Doctor insights on:
Siadic Nerve Pain
The brain and spinal cord communicates with what is occurring in the internal organs and limbs by nerve fibers where are like electrical wires with insulation (myelin) and the "copper" (axon). Within brain and spinal cord these nerves connect to other nerves via synapses on both axons and dendrites. A nerve can carry information regarding sensations, and ...Read more
Yes and No: Short answer is that any opiate or narcotic, oxycodone, hydrocodone, morphine etc, will help just about any pain. But one develops rapid tolerance to such drugs and in time they become less effective. Most all neuralgias are much more effectively treated with more "nerve specific" meds like Gabapentin and carbamazepine. ...Read moreSee 2 more doctor answers
I have lumbar hypolordosis, sacroiliac joint pain and sciatic nerve pain and numbness, can these symptoms be linked?
Annular tear: Sometimes the herniated disk has annular tear that releases the spongier nucleus pulposus out that can cause a chemical neuritis on the nerves that is similar to sciatica. Also if the MRI reflects any listhesis (slipping of one bone on the other) there may be a compression on the nerves that will not be appreciated on the MRI because you are lying down and not allowing gravity/forces to move it. ...Read moreSee 1 more doctor answer
Yes: Nerve compression is just one way sciatica can happen. Often when looking at MRI, doctors don't take into consideration that this is a still image and doesn't show what your spine will do when you move, bend over or even stand up. That is why you need to see a spine specialist that can discuss this with you and your options for treatment. ...Read moreSee 2 more doctor answers
Yes: Nerve compression is just one way sciatica can happen. Often when looking at MRI, doctors don't take into consideration that this is a still image and doesn't show what your spine will do when you move, bend over or even stand up. That is why you need to see a spine specialist that can discuss this with you and your options for treatment. ...Read moreSee 1 more doctor answer
Will Neurontin (gabapentin) and percocet control pudenal neuralgia pain , ddd, stenosis in neck, severe chronic abdominal and pelvic pain?
Better option are: : Better options are available for each conditions listed. Severe ddd/c-s stenosis: epidural/surgery. Pudendal neuralgia: surgical decompression is the preferred treatment; pads to avoid pressure while seated; pudendal nerve stimulation; local injection; chronic abd/pelvic pain: opiod induced constipation can worsen this; should work with gyn & GI for better option. Neurontin (gabapentin) okay. ...Read more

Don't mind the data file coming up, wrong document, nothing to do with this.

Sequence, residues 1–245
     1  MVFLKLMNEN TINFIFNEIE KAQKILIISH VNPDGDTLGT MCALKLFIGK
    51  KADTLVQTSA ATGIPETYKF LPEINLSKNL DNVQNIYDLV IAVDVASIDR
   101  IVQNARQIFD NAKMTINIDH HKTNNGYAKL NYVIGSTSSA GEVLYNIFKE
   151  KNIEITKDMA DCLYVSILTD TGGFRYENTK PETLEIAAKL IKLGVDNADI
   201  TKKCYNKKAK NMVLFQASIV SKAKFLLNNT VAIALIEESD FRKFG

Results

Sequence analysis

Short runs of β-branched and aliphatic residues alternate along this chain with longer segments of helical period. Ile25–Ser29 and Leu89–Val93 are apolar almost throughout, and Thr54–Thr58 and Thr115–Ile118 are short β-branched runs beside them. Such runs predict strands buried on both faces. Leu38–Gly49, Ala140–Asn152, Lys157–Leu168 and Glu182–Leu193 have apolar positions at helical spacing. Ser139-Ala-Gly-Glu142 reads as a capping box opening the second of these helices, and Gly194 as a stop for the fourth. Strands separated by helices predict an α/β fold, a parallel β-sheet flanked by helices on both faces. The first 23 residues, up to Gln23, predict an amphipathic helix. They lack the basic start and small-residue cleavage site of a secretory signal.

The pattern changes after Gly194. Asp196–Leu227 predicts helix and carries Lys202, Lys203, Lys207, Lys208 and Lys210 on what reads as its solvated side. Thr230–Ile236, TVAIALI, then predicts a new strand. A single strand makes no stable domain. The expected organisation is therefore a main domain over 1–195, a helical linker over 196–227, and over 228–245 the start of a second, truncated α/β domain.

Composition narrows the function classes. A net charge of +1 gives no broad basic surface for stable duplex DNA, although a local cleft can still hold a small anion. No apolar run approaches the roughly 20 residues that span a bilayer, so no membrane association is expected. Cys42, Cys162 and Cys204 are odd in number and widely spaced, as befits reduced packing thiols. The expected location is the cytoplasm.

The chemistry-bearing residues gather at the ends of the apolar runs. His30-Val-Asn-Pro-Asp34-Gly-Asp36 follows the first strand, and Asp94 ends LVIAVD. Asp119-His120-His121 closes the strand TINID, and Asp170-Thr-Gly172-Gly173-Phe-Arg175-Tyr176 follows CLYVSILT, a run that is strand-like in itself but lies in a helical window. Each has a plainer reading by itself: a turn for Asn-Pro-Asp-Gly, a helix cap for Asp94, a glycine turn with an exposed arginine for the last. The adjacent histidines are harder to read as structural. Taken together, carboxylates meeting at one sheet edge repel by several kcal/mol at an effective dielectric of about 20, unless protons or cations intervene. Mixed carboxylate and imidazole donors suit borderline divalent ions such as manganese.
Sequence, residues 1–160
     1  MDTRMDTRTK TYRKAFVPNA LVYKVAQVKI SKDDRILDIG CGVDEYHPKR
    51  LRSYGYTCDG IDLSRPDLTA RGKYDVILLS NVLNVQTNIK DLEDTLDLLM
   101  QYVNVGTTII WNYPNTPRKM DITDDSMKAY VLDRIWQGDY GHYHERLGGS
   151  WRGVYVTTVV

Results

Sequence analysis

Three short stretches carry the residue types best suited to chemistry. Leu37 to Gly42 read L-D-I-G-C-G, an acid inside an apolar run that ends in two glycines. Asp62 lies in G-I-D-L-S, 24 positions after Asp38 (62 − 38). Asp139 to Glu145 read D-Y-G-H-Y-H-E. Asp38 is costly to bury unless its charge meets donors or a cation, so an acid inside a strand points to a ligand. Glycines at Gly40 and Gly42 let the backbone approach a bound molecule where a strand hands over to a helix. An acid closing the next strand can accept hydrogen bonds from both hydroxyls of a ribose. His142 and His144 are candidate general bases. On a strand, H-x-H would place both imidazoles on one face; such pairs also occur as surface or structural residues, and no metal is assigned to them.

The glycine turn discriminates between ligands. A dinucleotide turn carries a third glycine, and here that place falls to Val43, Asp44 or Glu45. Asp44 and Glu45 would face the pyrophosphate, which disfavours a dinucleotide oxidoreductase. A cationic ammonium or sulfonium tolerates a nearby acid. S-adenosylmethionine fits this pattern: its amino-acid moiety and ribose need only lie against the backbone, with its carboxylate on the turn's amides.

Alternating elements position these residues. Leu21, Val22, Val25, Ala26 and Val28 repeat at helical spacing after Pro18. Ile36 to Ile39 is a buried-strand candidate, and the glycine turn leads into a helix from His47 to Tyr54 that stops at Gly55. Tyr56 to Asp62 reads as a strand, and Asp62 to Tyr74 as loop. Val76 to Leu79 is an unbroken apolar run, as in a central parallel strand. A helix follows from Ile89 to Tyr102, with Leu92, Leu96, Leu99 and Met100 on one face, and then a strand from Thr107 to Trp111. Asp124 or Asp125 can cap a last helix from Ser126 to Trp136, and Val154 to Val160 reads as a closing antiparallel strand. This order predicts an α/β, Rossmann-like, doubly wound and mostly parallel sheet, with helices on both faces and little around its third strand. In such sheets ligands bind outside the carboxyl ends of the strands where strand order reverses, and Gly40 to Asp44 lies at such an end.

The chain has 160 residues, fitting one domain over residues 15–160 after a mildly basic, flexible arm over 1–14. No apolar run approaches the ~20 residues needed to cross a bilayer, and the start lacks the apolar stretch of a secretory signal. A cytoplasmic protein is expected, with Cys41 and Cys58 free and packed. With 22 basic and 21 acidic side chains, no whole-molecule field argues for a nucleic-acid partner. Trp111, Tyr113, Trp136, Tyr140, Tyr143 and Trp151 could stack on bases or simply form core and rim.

NO: It's not a listed side effect.Get a more detailed answer ›
Mri :lumbar radiculopathy l4-5, s1, edematous sciatic nerve. Severe leg pain. Epidurals not helping. Do i f?
Surgery: If you have completed a proper work-up and have failed a reasonable period of conservative care ( at least 6-8 weeks ) and you are in significant pain that prevents you from doing your normal activities, then surgery is an option to discuss with your doctor. Check out spine-health.Com. ...Read moreSee 2 more doctor answers
Symptoms:stiffness-spine back&neck,hyperaesthesia,Allodynia,Paraesthesia,9/10 pain
Findings:Undissipated Central canal,few overactive reflexs
Several possibilitie: Your history is not entirely clear. I am assuming that the stiffness is only in the neck? Or the entire spine? Is there a history of fever? If so meningitis should be in the differential. Also, where are the hyperesthesia, allodynia and parresthesia complaints present? I am assuming in the limbs limbs possibly. If so, central nervous conditions should be entertaihed such as MS or T myelitis. ...Read moreSee 1 more doctor answer
Can pinched nerve in lower back cause edema? Pain specialist says I have pinched nerve causing low leg issue. But leg has edema (noted by therapist).
Have a full exam: Your pinched lumbar nerve may be part of the picture but so might other issues that may be hiding behind your chronic pain. Have a good full (lab work, too) exam to discover the role other issues might play. Pay some attention to your fluid intake/output amounts to report to the Dr. Endocrine, urology, bariatric, cardiac and other issues can result in swelling symptoms. Exam may lead to treatment. ...Read moreSee 1 more doctor answer
Gbs diag3/11/13, MS symptoms, ascending pain from foot to hip, what causes ascending unilateral pain, pain medication not relieving pain.
Depends: If you already have sciatica and it involves your si joint too, this nerve goes all the way down to the foot, and can affect any part of the nerve that shoots off from it. To double check, you need to see a PCP/Dr. to get this checked out and see for sure. A sports medicine, or osteopathic (DO) physician are well trained to see this, as are neurologist or orthopedist. Start with your PCP first! ...Read more